THQ Nordic, of MX vs. ATV Supercross fame, have announced that they are in the process of re-mastering BAJA: Edge of Control for current generation consoles, anticipating the title to hit the online marketplace in the second quarter of 2017 – or in other words, very soon. Though PC sim racers will obviously feel left out of the festivities, most of us own at least one current generation console and a wheel that is fully compatible with said console, meaning a whole bunch of people who missed out on the greatness that was Edge of Control back in 2008 will be able to experience it in a significantly refined fashion.
According to WorthPlaying, THQ Nordic will make no fundamental changes to the vanilla Edge of Control experience, with only three main adjustments planned:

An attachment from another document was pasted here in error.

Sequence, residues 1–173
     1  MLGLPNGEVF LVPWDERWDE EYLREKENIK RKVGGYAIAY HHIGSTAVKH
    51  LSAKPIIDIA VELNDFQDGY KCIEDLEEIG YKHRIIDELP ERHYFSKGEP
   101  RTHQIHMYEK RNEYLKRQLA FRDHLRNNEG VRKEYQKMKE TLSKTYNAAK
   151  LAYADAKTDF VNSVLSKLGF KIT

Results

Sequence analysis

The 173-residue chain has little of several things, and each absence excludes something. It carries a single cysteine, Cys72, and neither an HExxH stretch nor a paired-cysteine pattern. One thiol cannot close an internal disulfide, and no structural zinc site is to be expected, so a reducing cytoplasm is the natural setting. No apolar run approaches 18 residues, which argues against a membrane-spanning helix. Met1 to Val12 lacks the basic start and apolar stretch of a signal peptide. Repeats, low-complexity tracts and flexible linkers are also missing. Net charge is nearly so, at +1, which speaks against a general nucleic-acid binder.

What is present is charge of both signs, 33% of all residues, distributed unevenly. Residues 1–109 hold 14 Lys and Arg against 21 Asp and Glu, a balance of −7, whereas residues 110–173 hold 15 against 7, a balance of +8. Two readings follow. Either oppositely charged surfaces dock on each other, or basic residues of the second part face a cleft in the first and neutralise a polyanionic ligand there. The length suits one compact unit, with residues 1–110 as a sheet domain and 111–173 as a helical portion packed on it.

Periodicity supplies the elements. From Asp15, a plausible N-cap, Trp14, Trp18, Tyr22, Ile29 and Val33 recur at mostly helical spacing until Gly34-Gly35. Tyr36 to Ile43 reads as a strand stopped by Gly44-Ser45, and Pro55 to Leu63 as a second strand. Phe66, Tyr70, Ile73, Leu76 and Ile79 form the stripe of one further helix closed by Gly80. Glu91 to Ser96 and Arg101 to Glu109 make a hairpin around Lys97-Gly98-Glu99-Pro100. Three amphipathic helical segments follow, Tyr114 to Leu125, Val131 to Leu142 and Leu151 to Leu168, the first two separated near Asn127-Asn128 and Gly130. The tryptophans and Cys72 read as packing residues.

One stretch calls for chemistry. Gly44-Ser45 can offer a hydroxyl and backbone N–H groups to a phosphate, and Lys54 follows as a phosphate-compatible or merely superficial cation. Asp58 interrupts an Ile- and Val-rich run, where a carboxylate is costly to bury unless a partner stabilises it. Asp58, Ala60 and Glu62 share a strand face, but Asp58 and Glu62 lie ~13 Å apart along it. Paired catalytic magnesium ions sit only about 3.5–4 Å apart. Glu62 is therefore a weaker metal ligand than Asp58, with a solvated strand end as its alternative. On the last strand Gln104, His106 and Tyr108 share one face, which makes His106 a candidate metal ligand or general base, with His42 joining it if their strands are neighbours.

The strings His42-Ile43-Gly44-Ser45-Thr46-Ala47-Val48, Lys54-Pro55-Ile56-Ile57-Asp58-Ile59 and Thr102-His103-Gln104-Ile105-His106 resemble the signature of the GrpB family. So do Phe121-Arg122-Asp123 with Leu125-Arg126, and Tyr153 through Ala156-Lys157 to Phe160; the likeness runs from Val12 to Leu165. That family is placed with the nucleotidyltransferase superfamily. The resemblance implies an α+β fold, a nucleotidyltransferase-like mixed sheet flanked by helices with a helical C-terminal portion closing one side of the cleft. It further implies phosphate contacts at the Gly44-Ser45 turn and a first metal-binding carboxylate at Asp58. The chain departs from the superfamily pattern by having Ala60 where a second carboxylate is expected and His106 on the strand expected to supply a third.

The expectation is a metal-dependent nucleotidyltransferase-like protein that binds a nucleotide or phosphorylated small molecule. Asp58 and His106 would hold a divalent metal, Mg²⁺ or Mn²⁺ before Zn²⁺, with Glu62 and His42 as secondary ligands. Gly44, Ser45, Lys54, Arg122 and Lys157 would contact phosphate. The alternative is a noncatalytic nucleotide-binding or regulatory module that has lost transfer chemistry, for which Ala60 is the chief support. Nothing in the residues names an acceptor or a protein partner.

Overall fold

- Greater immersion via various graphical improvements including better textures, higher framerate and increased details
- More authentic racing by improved rendering techniques for shadows, lighting and dust effects
- More accessible gameplay due to improved controls, user interface, and an easier career start
As I mentioned above, the game’s framerate was simply not up to standard on the PlayStation 3 version of the game compared to the Xbox 360 rendition, so it’s nice to see this will be bumped up to what will most likely be 60 FPS. Lighting and special effects will also be refined, though the simplistic vehicle models and environments most likely won’t do a whole lot to help with the game’s obvious lack in visual fidelity – a primary drawback of the original title.